To survive, living organisms must always make choices: approach or avoid, exploit or explore, fight or fly, etc. As a result, it requires an understanding of the meaning of environmental stimuli and imposing values upon the meanings for action selection. For the lower-level organisms such as bacterium the meaning and subsequent choices are encoded in and implemented by the underlying interlocking biochemical processes.

The human brain has numerous intervening and interlocking layers of simultaneous processing between perception and action selections. Kevin has described in detail in his book how our brain produces the mental state – the world of ideas, emotions, deliberative choices, setting up future goals, adopt policies and strategies – from those foundational biochemical processes leading to the state of abstract meaning and values, where our conscious selves are in charge. Moreover, humans are endowed with not only cognition (ability to think) but also metacognition (ability to think about thinking) and language.

All animals including humans perceive, process, and act. If they are satisfied with the outcome, they store the learning for future use. When the outcome is not satisfactory, all animals just decide to do other things. But we can review our thoughts and reasons behind our original thinking and reasoning. We can ask the question of why the desirable outcome has not been achieved. Was it a wrong choice, wrong timing, wrong strategy, wrong methodology, bad luck, or something else? We can learn from our mistakes.

We don’t need to be limited by our individual past experiences. With language, we can share ideas and thoughts with others. We can learn from their success and failure too. We are capable of imagination. Thus, we can set goals and adopt strategies towards achieving the goal in the future. Thus, like the past, future goals can also condition our present behaviors. We are neither completely determined by our past or present environments, nor we are completely independent from them. We are always constrained by them.

Kevin agrees with Robert that all our actions have prior causes. However, he argues that many of them are the result of our own making. He also agrees that we are born with an innate nature with genetic predispositions and propensities. However, he argues that these tendencies do not directly control our behavior except for rare genetic mutations and pathological conditions. Nurture plays a significant role in the development of our personalities. Again, it does not work in isolation. It is nature, nurture, and our active interaction with them that shape the person we become. Our choices are made by past experiences and knowledge, filtered by present goals and motivations in service of the future that we have consciously set for ourselves.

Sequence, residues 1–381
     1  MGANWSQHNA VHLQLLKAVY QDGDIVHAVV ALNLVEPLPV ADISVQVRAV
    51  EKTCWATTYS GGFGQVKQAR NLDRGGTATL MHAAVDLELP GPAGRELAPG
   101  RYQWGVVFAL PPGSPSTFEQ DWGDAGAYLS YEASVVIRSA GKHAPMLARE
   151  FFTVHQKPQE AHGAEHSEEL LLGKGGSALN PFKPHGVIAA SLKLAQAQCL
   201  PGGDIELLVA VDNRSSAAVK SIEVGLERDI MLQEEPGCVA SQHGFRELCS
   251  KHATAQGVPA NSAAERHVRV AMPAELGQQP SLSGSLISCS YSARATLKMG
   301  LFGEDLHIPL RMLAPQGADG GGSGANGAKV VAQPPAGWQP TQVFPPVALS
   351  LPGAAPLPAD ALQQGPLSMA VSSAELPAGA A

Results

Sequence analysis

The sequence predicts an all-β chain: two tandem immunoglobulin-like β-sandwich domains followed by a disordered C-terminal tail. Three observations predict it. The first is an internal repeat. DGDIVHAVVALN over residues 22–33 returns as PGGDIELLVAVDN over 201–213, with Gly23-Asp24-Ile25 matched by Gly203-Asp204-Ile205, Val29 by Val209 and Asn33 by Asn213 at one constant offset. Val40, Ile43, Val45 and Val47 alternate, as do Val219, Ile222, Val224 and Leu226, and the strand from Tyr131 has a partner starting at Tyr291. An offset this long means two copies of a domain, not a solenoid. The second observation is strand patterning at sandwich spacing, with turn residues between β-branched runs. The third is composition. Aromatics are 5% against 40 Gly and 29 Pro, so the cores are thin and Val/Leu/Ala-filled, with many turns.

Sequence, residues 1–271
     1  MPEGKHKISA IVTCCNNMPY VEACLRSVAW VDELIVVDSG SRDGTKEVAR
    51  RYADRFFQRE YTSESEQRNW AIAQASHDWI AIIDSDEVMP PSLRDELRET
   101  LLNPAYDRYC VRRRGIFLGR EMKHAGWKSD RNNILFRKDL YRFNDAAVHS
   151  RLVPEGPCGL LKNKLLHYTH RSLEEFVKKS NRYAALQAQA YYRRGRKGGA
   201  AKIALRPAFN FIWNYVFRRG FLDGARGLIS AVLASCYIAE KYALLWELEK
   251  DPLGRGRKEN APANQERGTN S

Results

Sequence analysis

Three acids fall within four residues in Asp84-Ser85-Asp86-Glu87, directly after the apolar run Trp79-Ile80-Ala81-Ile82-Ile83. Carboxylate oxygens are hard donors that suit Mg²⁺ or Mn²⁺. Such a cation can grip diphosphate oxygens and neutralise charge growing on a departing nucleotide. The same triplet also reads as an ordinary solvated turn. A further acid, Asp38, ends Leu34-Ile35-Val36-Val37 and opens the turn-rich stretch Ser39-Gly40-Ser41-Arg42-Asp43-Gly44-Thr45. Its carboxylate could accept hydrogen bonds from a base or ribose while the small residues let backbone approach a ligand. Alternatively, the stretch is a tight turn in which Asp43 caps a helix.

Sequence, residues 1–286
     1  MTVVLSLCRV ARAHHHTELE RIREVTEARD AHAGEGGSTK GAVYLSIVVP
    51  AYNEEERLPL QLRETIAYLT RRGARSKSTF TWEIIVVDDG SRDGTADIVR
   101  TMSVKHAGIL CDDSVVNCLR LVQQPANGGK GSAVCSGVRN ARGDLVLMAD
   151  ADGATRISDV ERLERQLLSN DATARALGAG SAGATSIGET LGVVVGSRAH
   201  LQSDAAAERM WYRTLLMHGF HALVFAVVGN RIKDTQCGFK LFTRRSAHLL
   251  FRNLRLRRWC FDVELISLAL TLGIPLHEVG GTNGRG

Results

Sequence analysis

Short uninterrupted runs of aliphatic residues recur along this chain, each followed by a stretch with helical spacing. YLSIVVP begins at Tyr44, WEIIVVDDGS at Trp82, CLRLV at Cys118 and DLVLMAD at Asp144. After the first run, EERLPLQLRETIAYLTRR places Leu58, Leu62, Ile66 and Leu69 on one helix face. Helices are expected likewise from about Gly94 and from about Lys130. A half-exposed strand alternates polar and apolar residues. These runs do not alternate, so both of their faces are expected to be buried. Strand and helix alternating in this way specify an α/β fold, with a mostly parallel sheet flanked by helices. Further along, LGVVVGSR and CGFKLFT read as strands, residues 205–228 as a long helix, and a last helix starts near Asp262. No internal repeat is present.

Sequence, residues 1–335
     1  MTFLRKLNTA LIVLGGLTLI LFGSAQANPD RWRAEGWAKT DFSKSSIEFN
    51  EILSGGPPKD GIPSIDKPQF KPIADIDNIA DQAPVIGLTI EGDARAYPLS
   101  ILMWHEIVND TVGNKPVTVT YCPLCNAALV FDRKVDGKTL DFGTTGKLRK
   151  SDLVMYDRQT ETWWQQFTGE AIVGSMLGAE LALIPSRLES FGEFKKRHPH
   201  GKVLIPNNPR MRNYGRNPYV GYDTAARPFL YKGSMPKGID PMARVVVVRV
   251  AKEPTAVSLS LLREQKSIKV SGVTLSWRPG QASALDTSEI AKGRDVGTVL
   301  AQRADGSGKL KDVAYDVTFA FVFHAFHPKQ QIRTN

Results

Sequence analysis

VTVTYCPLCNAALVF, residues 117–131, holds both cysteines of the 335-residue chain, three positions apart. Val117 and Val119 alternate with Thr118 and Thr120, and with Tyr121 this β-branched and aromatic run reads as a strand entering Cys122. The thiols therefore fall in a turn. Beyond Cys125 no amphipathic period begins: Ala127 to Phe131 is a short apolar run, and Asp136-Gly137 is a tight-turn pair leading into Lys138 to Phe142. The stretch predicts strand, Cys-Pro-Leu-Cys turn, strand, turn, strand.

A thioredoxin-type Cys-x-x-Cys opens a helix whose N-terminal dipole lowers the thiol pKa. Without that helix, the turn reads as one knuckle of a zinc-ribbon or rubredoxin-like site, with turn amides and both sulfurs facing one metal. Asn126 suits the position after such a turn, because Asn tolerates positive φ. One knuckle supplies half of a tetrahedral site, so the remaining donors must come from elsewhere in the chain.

It is also true that many of our decisions are made unconsciously. They are either habitual work already resolved by our past deliberation or set by future goals. It does not mean that all our decisions are always made unconsciously. Even for habitual work, our consciousness may intervene on a need-to-know basis.

I don’t have the domain knowledge to judge who is right and who is wrong. In fact, when all things are considered, the difference between the two positions is not as big as it seems to be at first instance. One position postulates that our choices are completely determined by prior causes. The other considers that they are not determined but constrained by the prior causes. Many of those prior causes were the results of our past engagements and decisions. We also have the capacity to review and reset those decisions for the future. For practical purposes, their consensus appears to me all too important than their differences that the environment and upbringing play significant roles in the formation of our persona. If we want to change, we must change our environment.